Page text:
The local sheriff was looking for a deputy, so Gomer went in to try out for the job.
"Okay," the sheriff drawled, "Gomer, what is 1 and 1?"
"11" he replied.
The sheriff thought to himself, "That's not what I meant, but he's right."

"What two days of the week start with the letter 'T'?"
"Today and tomorrow."
The sheriff was again surprised that Gomer supplied a correct answer that he had never thought of himself.

"Now Gomer, listen carefully: Who killed Abraham Lincoln?"
Gomer looked a little surprised himself, then thought really hard for a minute and finally admitted, "I don't know."
"Well, why don't you go home and work on that one for a while?"

So, Gomer wandered over to the barbershop where his pals were waiting to hear the results of the interview. Gomer was exultant. "It went great! First day on the job and I'm already working on a murder case!"




Blog Corner


Here are the newest additions to our blog!

Allied Encyclopedia – High Temperature Wire: SF-2, SFF-2, SRML
There are a lot of high temperature lead wire options on the market, and the sheer number of products and standards can make choosing the right wire difficult. In this Allied Encyclopedia, we will introduce you to three popular types of high temperature wire: SF-2, SFF-2, and SRML. Read more about SF-2 Wire, SFF-2 Wire, and SRML High Temperature Wire

Allied Encyclopedia – Instrumentation Tray Cables:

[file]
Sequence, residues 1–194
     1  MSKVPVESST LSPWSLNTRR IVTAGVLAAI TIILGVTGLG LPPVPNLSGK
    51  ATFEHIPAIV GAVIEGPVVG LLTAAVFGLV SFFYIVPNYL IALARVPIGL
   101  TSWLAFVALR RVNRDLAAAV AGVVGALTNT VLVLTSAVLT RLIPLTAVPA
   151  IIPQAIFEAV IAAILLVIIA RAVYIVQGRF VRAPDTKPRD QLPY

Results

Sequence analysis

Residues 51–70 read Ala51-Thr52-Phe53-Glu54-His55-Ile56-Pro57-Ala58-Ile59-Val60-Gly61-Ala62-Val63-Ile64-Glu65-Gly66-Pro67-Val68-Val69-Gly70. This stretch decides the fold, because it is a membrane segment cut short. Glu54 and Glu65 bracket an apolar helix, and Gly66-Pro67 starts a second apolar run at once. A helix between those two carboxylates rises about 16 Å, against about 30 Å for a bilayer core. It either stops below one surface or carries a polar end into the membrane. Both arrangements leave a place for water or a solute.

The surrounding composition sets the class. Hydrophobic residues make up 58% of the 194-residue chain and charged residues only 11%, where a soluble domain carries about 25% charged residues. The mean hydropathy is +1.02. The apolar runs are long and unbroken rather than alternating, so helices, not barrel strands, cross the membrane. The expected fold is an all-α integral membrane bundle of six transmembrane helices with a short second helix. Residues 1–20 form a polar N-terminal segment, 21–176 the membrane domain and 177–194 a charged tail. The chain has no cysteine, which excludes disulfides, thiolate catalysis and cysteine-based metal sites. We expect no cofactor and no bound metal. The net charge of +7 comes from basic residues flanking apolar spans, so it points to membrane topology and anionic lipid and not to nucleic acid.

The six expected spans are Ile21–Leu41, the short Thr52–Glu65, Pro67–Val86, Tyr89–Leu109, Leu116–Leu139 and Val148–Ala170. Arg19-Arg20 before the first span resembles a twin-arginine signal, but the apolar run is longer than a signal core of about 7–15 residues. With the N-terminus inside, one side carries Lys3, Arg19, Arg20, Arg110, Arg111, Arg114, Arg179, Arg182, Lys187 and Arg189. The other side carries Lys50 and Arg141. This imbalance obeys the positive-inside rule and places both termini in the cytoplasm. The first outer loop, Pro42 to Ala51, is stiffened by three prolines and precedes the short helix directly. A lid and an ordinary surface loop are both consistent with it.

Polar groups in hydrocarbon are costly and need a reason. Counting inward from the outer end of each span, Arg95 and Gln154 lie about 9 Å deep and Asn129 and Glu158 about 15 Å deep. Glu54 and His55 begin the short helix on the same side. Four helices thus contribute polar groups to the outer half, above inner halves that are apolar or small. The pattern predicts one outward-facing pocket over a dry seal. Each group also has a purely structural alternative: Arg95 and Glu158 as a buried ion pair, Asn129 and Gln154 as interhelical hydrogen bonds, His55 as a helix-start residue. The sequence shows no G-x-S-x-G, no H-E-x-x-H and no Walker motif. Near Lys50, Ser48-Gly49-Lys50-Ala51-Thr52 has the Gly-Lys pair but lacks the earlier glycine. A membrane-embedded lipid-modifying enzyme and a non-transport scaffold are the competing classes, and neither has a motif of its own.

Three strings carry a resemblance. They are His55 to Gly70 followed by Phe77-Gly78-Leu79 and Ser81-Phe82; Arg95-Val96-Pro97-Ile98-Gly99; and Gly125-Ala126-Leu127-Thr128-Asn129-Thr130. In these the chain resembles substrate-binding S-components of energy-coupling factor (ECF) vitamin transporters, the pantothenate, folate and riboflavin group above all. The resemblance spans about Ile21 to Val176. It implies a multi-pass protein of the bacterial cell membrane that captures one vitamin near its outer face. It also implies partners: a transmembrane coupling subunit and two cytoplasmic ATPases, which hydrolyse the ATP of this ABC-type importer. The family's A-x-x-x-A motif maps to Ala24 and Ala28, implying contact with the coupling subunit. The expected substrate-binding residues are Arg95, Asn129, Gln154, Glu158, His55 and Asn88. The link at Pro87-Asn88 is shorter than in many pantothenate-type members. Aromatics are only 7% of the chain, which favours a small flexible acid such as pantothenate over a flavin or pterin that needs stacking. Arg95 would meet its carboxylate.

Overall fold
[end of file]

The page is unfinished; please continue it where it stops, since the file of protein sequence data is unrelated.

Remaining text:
Instrumentation tray cables (ITC cables) are used widely for signal and energy transmission in a variety of industries. We see instrumentation tray cables used often, so it will be helpful to know a little more about them. Read more about Instrumentation Tray Cables...

Dallastown High Building Electric Vehicle with Allied Wire:
You may remember a post back in April 2010, about the Dallastown High School Metal Technology class and their project to build a working boat from scratch. Their teacher, Matt Chilcoat, contacted us in October 2009 about a simple donation of scrap lengths of wire they could use to build the center console. We were happy to help and sent out odd lengths of hook-up wire in various colors.

Late last month, Mr. Chilcoat contacted us again regarding their project for the 2011-2012 school year. This time around, the class will be building an electric vehicle! One thing stayed the same: they just needed scrap lengths of bare copper wire, which we were happy to contribute. And just like last time, they’ll be updating us with photos of the progress. Read on...

Allied Encyclopedia – How to Identify Tray Cable and Power-Limited Tray Cable:
It is important to understand the basic aspects of a cable’s construction and performance. Knowing the fundamental characteristics of a cable will help you understand your product options, and allow you to make better wire and cable choices. It will also be easier to communicate what you want when placing an order. In this Allied Encyclopedia, we’ll show you a six-point method to identifying the most common types of Tray Cables and Power Limited Tray Cables. Read more about How to Identify Tray Cable and Power-Limited Tray Cable